While the output function of combinatorial circuits depends only on their input variables x

according to the formula y=f(x1,...,xn), the output function of switching circuits depends

not only on the input variables xbut also on the internal state variables zresulting from the

feedbacks: y=f(x1,...,xn,z1,...,zm). Switching circuits of this kind –i.e. without clock

signals, which control the synchronous switching –are called asynchronous automata and

can be analyzed in their behavior using the methods of automata theory. The essential step

is the correct deﬁnition of the internal state variables z1,...,zm because the number of

Figure 9.

Digital circuit

according to the form

Hitler swarm

K

states of the automaton depends exponentially on the number of internal state variables

according to 2

m

.

The digital circuit of the Hitler swarm can now be determined as a switching circuit

according to the above classiﬁcation because the output signals of the NOR gates y3,y4,y5,

y6 and y7 –due to the corresponding re-entries –are fed back to inputs of NOR gates which

precede these. In the following, these output functions are listed depending on their input

and output variables, with the relevant signal feedback marked in bold:

y1 =f(terror,y3,y7);

y2 =f(y1,n1,y4,y6);

y3 =f(y2,loyalty,y5);

y4 =f(y3,massmedia);

y5 =f(y4,socialwork);

y6 =f(y5,wareconomy); and

y7 =f(y6,terror).

The ﬁrst step in analyzing a switching circuit with the methods of automata theory is

the deﬁnition of the smallest set of state variables that completely describes the

behavior of the switching circuit. These state variables can be obtained by heuristic

analysis of the signal feedback that makes a purely combinatorial circuit a switching

circuit. In the present switching circuit, it can be seen that the output of the third NOR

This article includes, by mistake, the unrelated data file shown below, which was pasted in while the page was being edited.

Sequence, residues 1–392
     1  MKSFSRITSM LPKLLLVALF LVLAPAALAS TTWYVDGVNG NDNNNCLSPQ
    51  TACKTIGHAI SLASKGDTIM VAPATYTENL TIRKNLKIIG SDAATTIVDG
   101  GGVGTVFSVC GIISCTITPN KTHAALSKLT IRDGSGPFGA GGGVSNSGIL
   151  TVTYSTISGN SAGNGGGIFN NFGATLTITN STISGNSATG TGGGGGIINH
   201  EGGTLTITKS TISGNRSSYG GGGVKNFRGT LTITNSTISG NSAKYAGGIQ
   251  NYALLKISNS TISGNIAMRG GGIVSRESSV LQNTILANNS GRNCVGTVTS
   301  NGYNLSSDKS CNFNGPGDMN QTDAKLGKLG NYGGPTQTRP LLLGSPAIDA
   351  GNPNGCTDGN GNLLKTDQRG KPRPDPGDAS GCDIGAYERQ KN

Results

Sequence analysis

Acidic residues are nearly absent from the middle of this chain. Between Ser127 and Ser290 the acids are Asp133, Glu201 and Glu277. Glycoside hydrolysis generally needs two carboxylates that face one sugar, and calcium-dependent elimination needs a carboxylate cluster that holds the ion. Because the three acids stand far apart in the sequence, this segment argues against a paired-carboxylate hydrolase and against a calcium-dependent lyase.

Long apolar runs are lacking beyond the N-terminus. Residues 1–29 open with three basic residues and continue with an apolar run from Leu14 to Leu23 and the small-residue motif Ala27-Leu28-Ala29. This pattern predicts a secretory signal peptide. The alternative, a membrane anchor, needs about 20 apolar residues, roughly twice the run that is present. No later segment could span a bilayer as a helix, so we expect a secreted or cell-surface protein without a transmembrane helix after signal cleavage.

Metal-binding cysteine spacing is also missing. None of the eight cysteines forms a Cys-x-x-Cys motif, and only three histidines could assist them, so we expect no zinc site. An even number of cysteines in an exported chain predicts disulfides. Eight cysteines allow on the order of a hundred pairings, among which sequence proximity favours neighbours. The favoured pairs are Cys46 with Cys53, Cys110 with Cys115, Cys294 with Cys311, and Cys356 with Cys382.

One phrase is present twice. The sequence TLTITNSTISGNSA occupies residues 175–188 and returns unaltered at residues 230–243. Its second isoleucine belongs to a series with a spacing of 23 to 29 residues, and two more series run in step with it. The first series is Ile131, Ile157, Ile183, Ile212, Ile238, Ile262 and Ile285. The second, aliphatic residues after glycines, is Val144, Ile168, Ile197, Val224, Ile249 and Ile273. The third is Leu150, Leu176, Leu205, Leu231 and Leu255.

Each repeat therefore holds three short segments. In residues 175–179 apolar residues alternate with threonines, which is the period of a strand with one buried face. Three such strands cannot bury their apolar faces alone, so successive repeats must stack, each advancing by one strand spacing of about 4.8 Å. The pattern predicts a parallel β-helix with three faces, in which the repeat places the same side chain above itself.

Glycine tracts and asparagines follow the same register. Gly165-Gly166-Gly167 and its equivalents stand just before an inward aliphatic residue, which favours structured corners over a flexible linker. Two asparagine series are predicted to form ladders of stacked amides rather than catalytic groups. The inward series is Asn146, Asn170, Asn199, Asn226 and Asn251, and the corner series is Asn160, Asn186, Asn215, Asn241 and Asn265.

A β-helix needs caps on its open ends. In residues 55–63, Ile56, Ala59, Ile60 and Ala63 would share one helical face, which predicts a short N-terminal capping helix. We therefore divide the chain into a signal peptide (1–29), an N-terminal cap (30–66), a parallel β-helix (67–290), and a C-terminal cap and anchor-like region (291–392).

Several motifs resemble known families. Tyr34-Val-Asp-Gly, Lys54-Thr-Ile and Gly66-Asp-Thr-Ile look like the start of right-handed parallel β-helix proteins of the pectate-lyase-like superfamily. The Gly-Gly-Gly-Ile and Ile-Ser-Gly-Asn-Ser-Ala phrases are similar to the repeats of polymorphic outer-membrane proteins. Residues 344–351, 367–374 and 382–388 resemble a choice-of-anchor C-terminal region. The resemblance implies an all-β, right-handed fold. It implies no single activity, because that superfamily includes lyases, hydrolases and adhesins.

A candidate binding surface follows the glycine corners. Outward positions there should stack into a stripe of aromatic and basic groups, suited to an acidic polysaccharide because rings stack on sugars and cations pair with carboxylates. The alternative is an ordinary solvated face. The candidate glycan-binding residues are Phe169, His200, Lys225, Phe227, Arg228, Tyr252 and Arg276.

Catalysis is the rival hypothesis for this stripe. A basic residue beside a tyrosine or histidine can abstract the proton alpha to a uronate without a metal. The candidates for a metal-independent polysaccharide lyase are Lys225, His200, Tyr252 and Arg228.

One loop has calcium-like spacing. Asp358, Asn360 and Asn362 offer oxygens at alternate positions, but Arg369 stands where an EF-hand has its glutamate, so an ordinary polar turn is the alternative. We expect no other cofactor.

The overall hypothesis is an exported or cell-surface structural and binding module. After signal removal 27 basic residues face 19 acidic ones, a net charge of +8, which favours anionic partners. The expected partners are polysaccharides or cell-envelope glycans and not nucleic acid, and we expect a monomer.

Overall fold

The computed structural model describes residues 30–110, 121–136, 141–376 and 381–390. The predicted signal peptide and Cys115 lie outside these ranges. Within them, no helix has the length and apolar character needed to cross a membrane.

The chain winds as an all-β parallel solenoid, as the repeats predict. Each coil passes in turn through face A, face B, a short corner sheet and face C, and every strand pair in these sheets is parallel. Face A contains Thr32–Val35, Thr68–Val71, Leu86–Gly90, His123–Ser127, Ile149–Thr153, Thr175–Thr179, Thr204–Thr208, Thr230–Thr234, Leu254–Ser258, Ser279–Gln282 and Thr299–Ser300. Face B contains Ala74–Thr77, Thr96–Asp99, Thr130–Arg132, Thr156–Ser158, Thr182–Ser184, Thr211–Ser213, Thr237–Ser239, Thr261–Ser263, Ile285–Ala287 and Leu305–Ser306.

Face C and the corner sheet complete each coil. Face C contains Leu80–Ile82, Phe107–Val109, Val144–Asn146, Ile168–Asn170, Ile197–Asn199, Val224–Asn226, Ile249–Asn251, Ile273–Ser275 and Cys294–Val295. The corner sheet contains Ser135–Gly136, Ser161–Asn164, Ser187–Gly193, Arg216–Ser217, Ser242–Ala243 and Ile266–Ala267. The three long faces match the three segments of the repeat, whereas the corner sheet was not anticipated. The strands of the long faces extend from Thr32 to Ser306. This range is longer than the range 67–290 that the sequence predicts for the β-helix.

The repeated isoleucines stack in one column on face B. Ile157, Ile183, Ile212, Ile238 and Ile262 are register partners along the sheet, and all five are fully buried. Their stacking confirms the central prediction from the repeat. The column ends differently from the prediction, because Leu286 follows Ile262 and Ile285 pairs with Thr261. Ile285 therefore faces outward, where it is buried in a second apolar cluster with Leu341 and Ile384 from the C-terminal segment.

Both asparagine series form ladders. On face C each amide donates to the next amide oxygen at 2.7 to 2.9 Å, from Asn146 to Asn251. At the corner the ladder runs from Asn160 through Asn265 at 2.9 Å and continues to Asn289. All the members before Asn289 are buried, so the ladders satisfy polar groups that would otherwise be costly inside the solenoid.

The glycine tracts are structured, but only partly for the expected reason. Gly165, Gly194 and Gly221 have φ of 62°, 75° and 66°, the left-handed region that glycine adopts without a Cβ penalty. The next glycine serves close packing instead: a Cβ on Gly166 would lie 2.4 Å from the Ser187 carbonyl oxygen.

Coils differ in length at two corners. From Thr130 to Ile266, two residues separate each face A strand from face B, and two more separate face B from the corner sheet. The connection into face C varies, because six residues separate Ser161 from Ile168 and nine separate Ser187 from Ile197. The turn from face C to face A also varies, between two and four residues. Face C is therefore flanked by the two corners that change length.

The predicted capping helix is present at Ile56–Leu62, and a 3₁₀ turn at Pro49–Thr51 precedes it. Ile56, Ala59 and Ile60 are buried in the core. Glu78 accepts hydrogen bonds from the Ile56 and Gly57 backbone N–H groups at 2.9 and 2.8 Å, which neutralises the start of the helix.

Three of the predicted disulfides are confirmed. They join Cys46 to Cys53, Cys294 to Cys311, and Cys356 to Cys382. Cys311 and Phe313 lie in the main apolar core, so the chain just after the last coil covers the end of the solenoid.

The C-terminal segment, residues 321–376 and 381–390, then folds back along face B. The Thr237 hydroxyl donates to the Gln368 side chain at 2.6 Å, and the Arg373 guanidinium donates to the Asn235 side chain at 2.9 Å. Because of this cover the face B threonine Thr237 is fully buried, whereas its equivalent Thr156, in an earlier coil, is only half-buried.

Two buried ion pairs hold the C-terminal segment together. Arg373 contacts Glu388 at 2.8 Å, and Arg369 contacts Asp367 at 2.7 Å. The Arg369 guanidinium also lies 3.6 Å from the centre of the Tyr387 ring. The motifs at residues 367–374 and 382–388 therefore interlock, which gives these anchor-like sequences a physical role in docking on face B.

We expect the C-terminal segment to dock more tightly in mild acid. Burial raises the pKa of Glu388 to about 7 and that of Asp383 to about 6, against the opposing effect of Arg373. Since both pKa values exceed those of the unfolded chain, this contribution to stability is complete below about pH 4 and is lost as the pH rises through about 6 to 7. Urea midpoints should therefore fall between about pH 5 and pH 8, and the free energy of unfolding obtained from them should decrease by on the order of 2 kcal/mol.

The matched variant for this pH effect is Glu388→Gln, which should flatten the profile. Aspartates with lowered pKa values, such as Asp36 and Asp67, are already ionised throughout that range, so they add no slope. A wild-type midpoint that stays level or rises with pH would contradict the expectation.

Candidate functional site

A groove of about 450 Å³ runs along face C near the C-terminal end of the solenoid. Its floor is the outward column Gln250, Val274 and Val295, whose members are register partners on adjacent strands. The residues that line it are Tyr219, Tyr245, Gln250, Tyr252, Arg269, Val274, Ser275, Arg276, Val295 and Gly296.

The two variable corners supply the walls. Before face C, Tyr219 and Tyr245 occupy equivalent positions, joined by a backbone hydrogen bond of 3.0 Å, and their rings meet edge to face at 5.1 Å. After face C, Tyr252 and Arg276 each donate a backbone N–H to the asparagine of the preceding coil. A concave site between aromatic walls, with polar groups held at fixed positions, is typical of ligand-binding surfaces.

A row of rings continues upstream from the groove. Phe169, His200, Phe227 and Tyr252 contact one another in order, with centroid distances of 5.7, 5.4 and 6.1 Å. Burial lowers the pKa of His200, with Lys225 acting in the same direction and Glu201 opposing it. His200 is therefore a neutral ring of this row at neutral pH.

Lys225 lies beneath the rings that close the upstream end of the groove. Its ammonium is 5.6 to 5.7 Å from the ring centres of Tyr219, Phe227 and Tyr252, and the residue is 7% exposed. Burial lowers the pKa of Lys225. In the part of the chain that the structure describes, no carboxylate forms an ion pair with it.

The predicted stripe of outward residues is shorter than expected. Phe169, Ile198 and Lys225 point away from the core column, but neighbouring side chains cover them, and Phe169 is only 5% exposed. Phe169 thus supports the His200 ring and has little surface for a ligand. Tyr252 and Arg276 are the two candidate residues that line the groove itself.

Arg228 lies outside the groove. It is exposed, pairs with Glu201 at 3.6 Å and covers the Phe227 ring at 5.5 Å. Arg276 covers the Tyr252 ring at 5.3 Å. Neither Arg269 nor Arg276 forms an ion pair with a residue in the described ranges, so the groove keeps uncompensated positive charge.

gate y3 contains all ﬁve signal feedbacks, and thus can be deﬁned as state variable z.

All further output variables y4,y5,y6 and y7 are beyond y3, and thus are no longer

dependent on further state variables, but only on purely combinatorial connections

with the input variables.

With this one internal state variable z, the Hitler swarm switching circuit has exactly 2

1

or two internal states y3 = 0 and y3 = 1 and it can be concluded, based on the described

astable oscillation behavior of this kind of NOR gate cascades, that this switching circuit

will oscillate for certain input vectors (terror,n1,loyalty,massmedia,socialwork,

wareconomy) as long as these input vectors are present. Which input vectors excite this

astable oscillation behavior cannot be determined sufﬁciently by heuristic analysis.

Answering these and other questions about the behavior of the switching circuit requires

analysis with the methods of digital mathematics and can be done using speciﬁc software

such as the XBOOLE software.

Modeling of the switching circuit with XBOOLE

In the following, the main steps of analyzing the switching circuit with the XBOOLE

software are described. With the NEW command, XBOOLE is reset and all internal

rooms and objects such as ternary vector lists are deleted; with SPACE, a new room

number 1 with a maximum of 32 Boolean variables is created. In this room, the entire

switching circuit will be calculated.

new

space 32 1

Now the AVAR command is used to deﬁne and sort all input, output and state variables.

The question of why the variable pair zand zf are deﬁned, instead of an internal state

variable, shall be put aside for the time being. It will be dealt with in the section entitled

“Observability of re-entry signal feedbacks”, below.

Digital

analysis

of a form

avar 1

zzf

terror n1 loyalty massmedia socialwork wareconomy

y1 y2 y3 y4 y5 y6 y7.

The essential step for representing the switching circuit is now done by entering the Boolean

functions of the connected NOR gates. The SBE command stands for Solve Boolean

Equation and uses “/”as negation, “þ”as disjunction and “=”as equivalence operator. A

separate ternary vector list (TVL) TVL101 to TVL107 is calculated for each output variable.

sbe 1 101

y1=/(terrorþy7þz).

sbe 1 102

y2=/(y1þn1þy6þy4).

sbe 1 103

y3=/(y2þloyaltyþy5),

zf = y3.

sbe 1 104

y4=/(zþmassmedia).

sbe 1 105

y5=/(y4þsocialwork).

sbe 1 106

y6=/(y5þwareconomy).

sbe 1 107

y7=/(y6þterror).